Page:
Tara Hall

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Feb 02, 2016

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What is social media marketing and is it right for your business?

In this marketing series so far, I’ve introduced you to content marketing and search marketing, two closely related forms of online marketing. If these are strategies that you want to implement, then why not boost your marketing efforts with social media marketing?

In this article, I explain social media marketing and the best ways to make it part of your overall online marketing plan.

What is social media marketing?

Social media marketing (sometimes known by the acronym SMM) is a method of online marketing that uses social media channels to build awareness. Typically, marketers use social media to share content that drives traffic to websites, landing pages, blog posts, online offers—you name it.

One of the biggest benefits to social media marketing is that it costs nothing to get started. You can sign up for a free account on most, if not all, social media sites. Likewise, most social media apps are free to download. As soon as you have access, you can begin posting content right away.

With social media marketing, you can share with your target audience different types of content, depending upon the channel. If you prefer video over the written word, for instance, then YouTube, Vine, or Vimeo may be right for you. Do you want to share live stream video? Download the Periscope or Meerkat app to get started.

Finally, social media sites, like Facebook, and apps, like Instagram, have enormous audiences. As of this writing, Facebook reports more than one billion active users. Instagram has more than 400 million active users. Finding your target audience on these sites and apps comes down to producing content that attracts your ideal customer.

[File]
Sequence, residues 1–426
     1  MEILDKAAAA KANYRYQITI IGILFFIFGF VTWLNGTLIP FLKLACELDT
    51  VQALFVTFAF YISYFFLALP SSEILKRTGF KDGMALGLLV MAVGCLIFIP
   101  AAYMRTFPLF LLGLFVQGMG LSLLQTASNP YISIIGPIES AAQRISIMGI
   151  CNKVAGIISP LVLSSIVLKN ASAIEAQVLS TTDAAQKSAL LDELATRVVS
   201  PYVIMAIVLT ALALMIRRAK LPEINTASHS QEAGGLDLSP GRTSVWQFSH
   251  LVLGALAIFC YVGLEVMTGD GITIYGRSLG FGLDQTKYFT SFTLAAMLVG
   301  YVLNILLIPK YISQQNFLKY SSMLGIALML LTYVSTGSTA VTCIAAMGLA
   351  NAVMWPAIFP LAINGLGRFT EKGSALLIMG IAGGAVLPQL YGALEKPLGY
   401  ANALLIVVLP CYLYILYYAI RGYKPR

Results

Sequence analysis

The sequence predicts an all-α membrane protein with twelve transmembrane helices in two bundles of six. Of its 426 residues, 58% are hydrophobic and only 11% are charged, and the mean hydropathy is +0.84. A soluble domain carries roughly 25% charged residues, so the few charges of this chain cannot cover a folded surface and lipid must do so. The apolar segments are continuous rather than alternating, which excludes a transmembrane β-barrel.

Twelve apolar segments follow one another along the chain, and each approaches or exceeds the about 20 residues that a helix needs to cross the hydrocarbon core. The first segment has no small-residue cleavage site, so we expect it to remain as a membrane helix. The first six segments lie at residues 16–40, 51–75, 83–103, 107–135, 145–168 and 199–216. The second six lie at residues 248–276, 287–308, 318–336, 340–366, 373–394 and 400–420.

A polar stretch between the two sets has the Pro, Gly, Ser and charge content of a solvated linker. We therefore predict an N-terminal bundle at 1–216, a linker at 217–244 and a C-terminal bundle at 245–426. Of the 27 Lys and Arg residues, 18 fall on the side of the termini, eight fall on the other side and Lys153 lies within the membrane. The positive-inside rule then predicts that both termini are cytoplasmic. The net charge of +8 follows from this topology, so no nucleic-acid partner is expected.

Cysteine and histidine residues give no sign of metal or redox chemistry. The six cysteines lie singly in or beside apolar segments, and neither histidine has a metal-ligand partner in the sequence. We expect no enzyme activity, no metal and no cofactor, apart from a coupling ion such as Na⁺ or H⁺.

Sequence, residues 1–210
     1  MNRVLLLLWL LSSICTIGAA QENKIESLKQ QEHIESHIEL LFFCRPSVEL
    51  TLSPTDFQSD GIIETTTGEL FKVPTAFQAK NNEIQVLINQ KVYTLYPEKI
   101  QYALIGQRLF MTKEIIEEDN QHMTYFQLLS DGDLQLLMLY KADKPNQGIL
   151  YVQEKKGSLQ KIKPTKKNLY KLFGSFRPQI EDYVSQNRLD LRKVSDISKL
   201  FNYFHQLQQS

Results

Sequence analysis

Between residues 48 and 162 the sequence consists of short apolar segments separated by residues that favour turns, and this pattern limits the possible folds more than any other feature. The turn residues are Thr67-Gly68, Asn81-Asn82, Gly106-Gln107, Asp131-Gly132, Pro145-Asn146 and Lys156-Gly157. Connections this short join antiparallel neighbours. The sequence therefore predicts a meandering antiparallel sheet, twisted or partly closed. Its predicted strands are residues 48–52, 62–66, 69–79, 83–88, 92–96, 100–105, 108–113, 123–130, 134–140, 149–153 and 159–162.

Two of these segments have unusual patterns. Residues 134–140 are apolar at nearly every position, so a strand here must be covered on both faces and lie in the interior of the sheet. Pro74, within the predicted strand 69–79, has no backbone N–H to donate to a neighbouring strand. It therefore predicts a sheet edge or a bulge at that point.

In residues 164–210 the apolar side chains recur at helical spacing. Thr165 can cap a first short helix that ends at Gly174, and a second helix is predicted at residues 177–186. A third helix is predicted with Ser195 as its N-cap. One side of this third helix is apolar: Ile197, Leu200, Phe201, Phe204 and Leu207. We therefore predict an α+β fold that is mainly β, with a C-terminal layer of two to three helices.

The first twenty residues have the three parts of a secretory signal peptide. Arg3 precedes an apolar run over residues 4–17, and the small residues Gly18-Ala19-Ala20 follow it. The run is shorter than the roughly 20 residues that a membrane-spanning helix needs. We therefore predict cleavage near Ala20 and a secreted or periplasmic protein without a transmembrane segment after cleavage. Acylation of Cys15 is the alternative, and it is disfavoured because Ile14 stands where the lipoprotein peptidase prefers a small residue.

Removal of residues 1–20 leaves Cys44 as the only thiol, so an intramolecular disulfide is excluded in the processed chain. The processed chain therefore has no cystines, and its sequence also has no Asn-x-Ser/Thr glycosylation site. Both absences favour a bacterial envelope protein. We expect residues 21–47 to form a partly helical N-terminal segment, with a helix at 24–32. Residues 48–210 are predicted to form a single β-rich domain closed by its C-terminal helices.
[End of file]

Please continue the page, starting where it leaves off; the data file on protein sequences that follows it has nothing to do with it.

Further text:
With so many social media channels to choose from, it’s just a matter of finding the sites and apps that your target audience is using.

Selling on social media

Social media is known for driving traffic, building awareness, and increasing visibility. But until recently, it wasn’t as well known for generating leads and converting visitors to customers.

That’s now changing on some splatforms with functionality that allows you to sell products direct from your social media accounts.

Facebook introduced Facebook Store to enable you to create an online store on your Facebook Page. Similarly, Twitter, Pinterest, and Instagram allow you to add a buy button so visitors can purchase directly from you.

That’s one more good reason to start using social media in your business today.

How to choose your channels

Maybe you find social media overwhelming. Having so many social media channels available to you is both a plus and a minus. How do you know which ones to choose? Do you need to be on all of them? Here are three tips to help you figure that out.

First, you can’t be everywhere.

If you’re a small business without a dedicated social media resource, then you can’t afford to invest in every site and app regardless if they’re free.

Social media isn’t about pushing your content out to your audience. It’s about engaging with them. You want to be available if a potential customer asks you a question or makes a comment that you need to respond to. You can’t do that if you spread yourself too thin.